• Increase System stability, integrity & performance
• Decrease System maintenance, time & effort
• Enhance business alignment and flexibility
• Set availability goals
• Increase user satisfaction and IT staff productivity
• Improve audit and accountability
• Decrease “emergency” fixes
• Eliminate repeat changes
• Decrease risk
• Increase visibility of internal controls
• Integrate with other ITIL Departments
Steps to Implement Change Management
• Extensible Workflow: Robust workflow reinforces a best practices framework by routing each Request for Change (RFC) through a process designed to manage the entire change lifecycle: request, screen, authorize, implement, release, and review.
• User Roles: The creation of configurable roles allows IT decision makers to define responsibilities and access levels, ensuring that team members focus on tasks appropriate to a defined scope and avoid operating at cross purposes - o r beyond their authority.
• Impact Analysis: Resource management functions enable Change Management to forecast change risks for interdependent resources and identify users potentially impacted by a proposed change.
• Notification/Communication: There is a need to enforce notification of relevant decision makers and team members at each step in the change lifecycle and promote communication before, during, and after change, as opposed to under-communicated or after-the-fact discussions typical of unauthorized/unplanned change activities.
• Auditing: Create a change log to track all significant events in the change lifecycle, thereby creating an historical document that can be referenced during the change lifecycle, post-release review, rollback, or for compliance with regulatory legislation such as the Sarbanes-Oxley Act, the Health Insurance Portability and Accountability Act (HIPAA), or the Payment Card Industry (PCI) Data Security Standard.
• Measurement: Change management metrics aid IT accountability and visibility by providing detailed measurement of factors such as the number of changes managed; success vs. failure rates; and cost of change.
• Compliance Reporting: Change Management should have detailed reporting capabilities to allow for quick response to requests for insight into change activities by focusing attention on change status, cost, impacted resources, priority/category of change, and change by user or department.
• Overview: Create a Dashboard to provide a detailed overview of the entire change management process, highlighting past and ongoing change activities.
Suggestions for Change Management
• Hold Benchmark sessions for representatives from major functions of IT
• Determine performance issues, frequent outages, length of time for changes to be implemented
• Business Process Evaluation: interview process and functional owners to gain a deeper understanding of IT and business change management processes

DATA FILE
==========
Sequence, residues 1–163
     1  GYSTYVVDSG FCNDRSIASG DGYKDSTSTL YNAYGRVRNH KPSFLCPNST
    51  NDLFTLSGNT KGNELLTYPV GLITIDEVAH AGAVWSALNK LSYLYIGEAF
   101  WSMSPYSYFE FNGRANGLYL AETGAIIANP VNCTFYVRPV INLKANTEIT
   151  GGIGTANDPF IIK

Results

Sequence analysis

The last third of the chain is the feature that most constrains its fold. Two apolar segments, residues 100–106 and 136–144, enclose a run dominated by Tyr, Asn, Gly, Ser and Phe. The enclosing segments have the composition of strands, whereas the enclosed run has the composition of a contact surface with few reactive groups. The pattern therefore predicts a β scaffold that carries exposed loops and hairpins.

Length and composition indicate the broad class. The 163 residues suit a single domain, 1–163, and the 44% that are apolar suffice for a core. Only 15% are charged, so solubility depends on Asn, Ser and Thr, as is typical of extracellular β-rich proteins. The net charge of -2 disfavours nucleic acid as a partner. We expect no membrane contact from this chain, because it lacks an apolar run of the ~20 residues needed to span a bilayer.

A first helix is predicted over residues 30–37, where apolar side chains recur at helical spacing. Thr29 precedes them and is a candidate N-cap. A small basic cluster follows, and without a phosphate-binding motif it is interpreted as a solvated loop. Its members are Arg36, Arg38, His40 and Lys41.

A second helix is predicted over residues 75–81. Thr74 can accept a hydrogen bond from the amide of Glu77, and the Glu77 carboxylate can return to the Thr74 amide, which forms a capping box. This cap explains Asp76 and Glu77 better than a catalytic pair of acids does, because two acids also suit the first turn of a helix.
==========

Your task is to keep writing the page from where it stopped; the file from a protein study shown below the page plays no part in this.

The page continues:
• Perform a detailed technology analysis walk-thru for a sample of change throughout the systems to understand how changes are actually implemented - identify strengths and opportunities
• Decide on software - how will Change tickets be opened? (self-service Service Desk)
• Create templates to track changes (place on Intranet) (review changes send on to approval matrix - once approved then on to implementation phase and then scheduled)
• Create approval process flow
• (Endeavor) to validate software packages for errors and to push changes from staging to production (distributed or mainframe)
• Create Flowcharts - Brochure
• Increase Awareness
• Analyze Data - Create Dashboard
• Set up 3x weekly Change Advisory Board meeting (1 day for Internet Hosting)
• Document standardized policies and procedures
• Establish good communication, protocol for notifying end users of change Meet audit and compliance objectives (HITECH, HIPPA concerns?)
• Create reports - Daily, Monthly, Analytic (how many changes were successful, unsuccessful, cancelled, backed-out, etc.)
• Emergency Changes (paging system - needs approval from Manager on Duty and possibly VP)
Additional Facts According to industry surveys
• 80% of IT-related problems that lead to downtime are directly attributable to changes made to the environment.
• SCM and help desk tools, while useful for their intended purpose, lack the multilevel approval workflows, impact analysis tools, and advanced communication features needed to effectively manage change in distributed, high-demand IT environments.
• Frameworks such as the ITIL prescribe approaching change systematically, with emphasis on treating each change as a lifecycle consisting of definable components that are segregated, analyzed, and efficiently executed.
• Levels of Measuring the Maturity of an IT Organization’s Management of Change (Gartner)
Level 0 - Chaotic Use no problem tracking, have ad hoc response methods with heavy reliance on employee knowledge/skill and information communication
Level 1 - Reactive Have a Service Desk and some form of problem tracking (often using a help desk tool); employ root cause analysis
Level 2 - Proactive Enter into service level agreements and use some form of change and configuration management
Level 3 - Service Employ service level management and event correlation, Negotiate, define, and manage the levels of IT services provided to the enterprise
Level 4 Value Act as strategic contributor to business opportunity by leveraging IT resources